June 20, 2024

Step by step breakdown of the IVF process

Do you find the IVF (in-vitro fertilization) process daunting? Good news - we’re here to help illuminate everything you need to know about it!

To start with: what exactly is IVF? 

The word “in-vitro” literally means “in glass”, which refers to work done in a laboratory. In the same way, IVF entails the retrieval of eggs from one’s ovaries, to be fertilized with sperm in a laboratory. Eggs that are fertilized become embryos, which are then transferred to a patient’s uterus. Pregnancy then occurs when the embryo attaches to the uterus lining. 

Step 0. Pre-treatment Consultation and Testing:

Before you can start the actual IVF (in-vitro fertilization) process, your fertility clinic will conduct various fertility tests to fully understand your current fertility and overall health status. This may include:

  • Blood tests to check on various hormone levels related to fertility, as well as to assess your ovarian reserve (the amount of eggs you have remaining), such as the Anti-Mullerian hormone test.
  • Other blood tests to evaluate your health
  • Genetic carrier screening to check for certain genetic disorders
  • Transvaginal ultrasound to evaluate the cervix, uterus and ovaries
  • Sonohysterogram to evaluate for uterine abnormalities (fibroids, polyps or scar)
  • Hysterosalpingogram to evaluate the fallopian tubes and uterus

If you have a male partner who will be providing sperm as part of the IVF process, they will also need to undergo blood tests and a semen analysis to check for male fertility issues.

Although this may sound tedious, these tests are vital to set you up for success. Because the IVF process requires significant time and effort, it is critical that your fertility clinic has enough information to determine the best course of action and sidestep any potential issues further down the road. Specialists may also prescribe medication before the process starts to better prepare your body for the next phase.

Once the tests are complete and you have been given the green flag to go ahead, it is time for the actual IVF process to begin.

Step 1: Ovarian stimulation 

The goal of IVF is to access multiple mature eggs in a single cycle. This makes reproduction more “efficient”; The more eggs retrieved, the more eggs we are able to fertilize into embryos, which gives us more chances of having a successful pregnancy. In order to stimulate egg development, you will need to take injectable medication for 8-14 days. This is usually in the form of Follicle Stimulating Hormone (FSH) injections, which help to develop the ovarian follicles and the eggs stored inside.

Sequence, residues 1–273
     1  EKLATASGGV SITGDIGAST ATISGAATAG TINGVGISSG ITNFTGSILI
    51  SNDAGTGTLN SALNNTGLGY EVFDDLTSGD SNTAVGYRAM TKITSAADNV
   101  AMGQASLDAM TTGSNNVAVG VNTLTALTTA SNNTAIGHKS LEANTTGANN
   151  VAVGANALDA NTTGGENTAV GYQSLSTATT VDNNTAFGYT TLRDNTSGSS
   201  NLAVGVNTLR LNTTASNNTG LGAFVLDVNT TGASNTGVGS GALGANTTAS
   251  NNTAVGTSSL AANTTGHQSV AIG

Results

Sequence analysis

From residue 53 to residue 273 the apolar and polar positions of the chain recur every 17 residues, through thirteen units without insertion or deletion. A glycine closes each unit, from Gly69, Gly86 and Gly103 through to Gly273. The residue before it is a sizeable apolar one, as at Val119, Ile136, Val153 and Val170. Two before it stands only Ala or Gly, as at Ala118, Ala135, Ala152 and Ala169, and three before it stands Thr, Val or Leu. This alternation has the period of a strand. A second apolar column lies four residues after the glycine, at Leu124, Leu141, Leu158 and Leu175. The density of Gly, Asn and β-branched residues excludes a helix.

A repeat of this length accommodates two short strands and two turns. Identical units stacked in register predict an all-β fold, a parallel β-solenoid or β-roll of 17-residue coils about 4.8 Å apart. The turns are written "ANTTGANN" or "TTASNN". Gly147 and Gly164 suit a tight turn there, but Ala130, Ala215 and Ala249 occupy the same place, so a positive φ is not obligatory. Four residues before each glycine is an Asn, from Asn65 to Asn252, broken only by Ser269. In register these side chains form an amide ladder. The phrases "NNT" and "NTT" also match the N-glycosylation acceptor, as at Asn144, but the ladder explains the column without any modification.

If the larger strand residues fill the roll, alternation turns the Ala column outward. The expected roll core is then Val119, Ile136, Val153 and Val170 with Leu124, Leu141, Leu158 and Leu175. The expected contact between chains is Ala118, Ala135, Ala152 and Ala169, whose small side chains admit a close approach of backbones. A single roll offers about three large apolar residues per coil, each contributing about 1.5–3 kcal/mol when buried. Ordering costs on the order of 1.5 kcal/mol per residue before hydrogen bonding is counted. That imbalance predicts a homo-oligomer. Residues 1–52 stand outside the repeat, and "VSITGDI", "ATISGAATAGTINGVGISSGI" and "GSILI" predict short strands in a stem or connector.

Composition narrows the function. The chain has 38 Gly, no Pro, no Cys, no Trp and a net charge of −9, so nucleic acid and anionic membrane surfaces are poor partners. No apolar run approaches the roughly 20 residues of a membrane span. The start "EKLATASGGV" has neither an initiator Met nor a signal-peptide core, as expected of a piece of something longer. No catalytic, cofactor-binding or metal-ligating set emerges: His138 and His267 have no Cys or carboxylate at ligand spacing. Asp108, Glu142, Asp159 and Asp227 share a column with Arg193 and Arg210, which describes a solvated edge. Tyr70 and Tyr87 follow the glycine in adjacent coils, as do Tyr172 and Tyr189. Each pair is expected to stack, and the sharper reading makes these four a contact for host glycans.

Throughout this period, your fertility clinic will also conduct regular blood tests and ultrasounds to monitor the development of your follicles and make sure everything is on track. They will also tell you when you need to do a final “trigger injection”, which will cause final egg maturation and prepare the eggs for ovulation (the phase in your menstrual cycle when an egg is released from your ovary). This then leads to the next step: egg retrieval.

Step 2: Egg Retrieval 

This is a minor surgical procedure that usually takes about 15 to 30 minutes. You will be sedated throughout the procedure. Using ultrasound technology, a specialist will insert a needle through the vaginal wall and into the follicles of each ovary to retrieve the eggs. Eggs are microscopic and found within the fluid-filled ovarian follicles.

The average number of eggs collected will vary from person to person, and depends on multiple factors including age, ovarian reserve and medical history. The specialist will have access to your medical information from your prior testing, and will make use of this information to gauge approximately how many eggs they can expect to retrieve.